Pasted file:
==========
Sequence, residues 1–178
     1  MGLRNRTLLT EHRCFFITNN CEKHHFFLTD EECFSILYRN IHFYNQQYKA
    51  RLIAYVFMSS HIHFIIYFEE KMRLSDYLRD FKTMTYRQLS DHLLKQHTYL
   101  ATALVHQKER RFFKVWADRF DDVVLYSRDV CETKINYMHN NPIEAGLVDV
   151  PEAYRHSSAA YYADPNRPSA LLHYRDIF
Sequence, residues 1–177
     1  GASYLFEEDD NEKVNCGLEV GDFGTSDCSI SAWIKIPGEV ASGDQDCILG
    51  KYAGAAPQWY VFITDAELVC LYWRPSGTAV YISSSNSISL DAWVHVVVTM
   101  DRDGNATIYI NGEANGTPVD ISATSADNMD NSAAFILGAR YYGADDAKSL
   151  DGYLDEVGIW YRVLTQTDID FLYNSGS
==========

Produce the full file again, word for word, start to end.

Sequence, residues 1–178
     1  MGLRNRTLLT EHRCFFITNN CEKHHFFLTD EECFSILYRN IHFYNQQYKA
    51  RLIAYVFMSS HIHFIIYFEE KMRLSDYLRD FKTMTYRQLS DHLLKQHTYL
   101  ATALVHQKER RFFKVWADRF DDVVLYSRDV CETKINYMHN NPIEAGLVDV
   151  PEAYRHSSAA YYADPNRPSA LLHYRDIF
Sequence, residues 1–177
     1  GASYLFEEDD NEKVNCGLEV GDFGTSDCSI SAWIKIPGEV ASGDQDCILG
    51  KYAGAAPQWY VFITDAELVC LYWRPSGTAV YISSSNSISL DAWVHVVVTM
   101  DRDGNATIYI NGEANGTPVD ISATSADNMD NSAAFILGAR YYGADDAKSL
   151  DGYLDEVGIW YRVLTQTDID FLYNSGS